Rounding up the nightmare fuel is the Nome King. This is an evil entity made entirely of stone, who wants to steal the life force of the citizens of Oz to become human. Oh, and who could forget Princess Mombi, who is replacing the Wicked Witch of the West, and has a thing for collecting women’s heads to change them out with her own like a pair of shoes.

Return to Oz is similar to other dark fantasy movies of the ‘80s like The Dark Crystal or Labyrinth in that it embraces the darker, almost horror-like aspects of fantasy while combining them with a sort of whimsy that invites the younger audience in. The result is a film that may not be entirely appropriate for kids, but one that dares them to watch and treats them with more respect than many family-friendly movies. 

What Murch does really well is make the threats of Oz reflect the horrors of Dorothy’s life in the real world. The screeching sound the Wheelers make is the same one from the hospital trolley wheels, and when we see Nome King’s actual face, it’s that of the doctor in charge of Dorothy’s treatment. It’s an interesting idea, but one that flew over the head of audiences at the time and simply gave children nightmares for days.

The Legacy

Unsurprisingly, Return to Oz was met with mixed reviews when it premiered on June 21, 1985.  Critics who were familiar with the Oz books praised the film for being faithful to L. Frank Baum’s work, but many critics considered the film’s tone and content way too dark and intense for young children. Roger Ebert called it “a complete disaster.”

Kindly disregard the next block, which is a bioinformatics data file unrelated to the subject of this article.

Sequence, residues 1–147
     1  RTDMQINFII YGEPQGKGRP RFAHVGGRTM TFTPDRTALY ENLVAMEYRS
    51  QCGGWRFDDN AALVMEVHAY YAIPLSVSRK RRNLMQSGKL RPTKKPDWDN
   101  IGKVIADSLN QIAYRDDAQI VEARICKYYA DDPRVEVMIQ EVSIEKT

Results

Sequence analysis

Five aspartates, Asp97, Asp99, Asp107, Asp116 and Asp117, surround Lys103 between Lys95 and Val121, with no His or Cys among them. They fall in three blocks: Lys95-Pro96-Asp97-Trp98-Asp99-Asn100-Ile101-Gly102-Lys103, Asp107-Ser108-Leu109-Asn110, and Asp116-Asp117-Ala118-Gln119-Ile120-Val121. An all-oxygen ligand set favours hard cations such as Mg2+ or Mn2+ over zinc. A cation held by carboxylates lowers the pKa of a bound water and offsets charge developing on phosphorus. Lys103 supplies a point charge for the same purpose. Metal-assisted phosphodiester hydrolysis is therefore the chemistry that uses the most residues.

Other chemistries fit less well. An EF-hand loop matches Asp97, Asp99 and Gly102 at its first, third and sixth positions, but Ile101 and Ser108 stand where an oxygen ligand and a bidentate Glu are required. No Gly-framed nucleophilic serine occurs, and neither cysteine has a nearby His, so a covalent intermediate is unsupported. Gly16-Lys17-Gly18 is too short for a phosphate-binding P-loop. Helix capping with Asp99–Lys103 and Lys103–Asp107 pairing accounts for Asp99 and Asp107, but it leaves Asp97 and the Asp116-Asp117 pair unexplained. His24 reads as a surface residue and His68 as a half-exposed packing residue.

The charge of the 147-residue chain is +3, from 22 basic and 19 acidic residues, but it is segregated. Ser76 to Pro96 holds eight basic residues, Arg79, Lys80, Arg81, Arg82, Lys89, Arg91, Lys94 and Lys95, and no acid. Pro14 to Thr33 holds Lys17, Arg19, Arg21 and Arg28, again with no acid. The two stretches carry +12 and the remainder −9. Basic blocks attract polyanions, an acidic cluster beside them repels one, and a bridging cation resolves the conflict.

The film opened in seventh place on its opening weekend, behind Cocoon. It didn’t help Disney that just a month later they’d release their most expensive animated movie at the time, The Black Cauldron, right as Back to the Future was blowing minds and box office expectations.

And with the disappointment of Return to Oz, so came an end to Walter Murch’s directorial career. Though he would continue working as an editor and sound editor (earning Oscar nominations for his work on Ghost, The Godfather: Part III, and Cold Mountain and winning for The English Patient), Murch’s only other directorial credit is for “The General”, a season 4 episode of Star Wars: The Clone Wars.

Though Return to Oz never got it its full due by Disney back in the ‘80s, the film is finally widely available on Disney+, giving you a chance to judge for yourself whether this was a huge mistake on the company’s part or one of the most bold decisions they ever took. One thing is certain: this is unlike anything Disney has done since.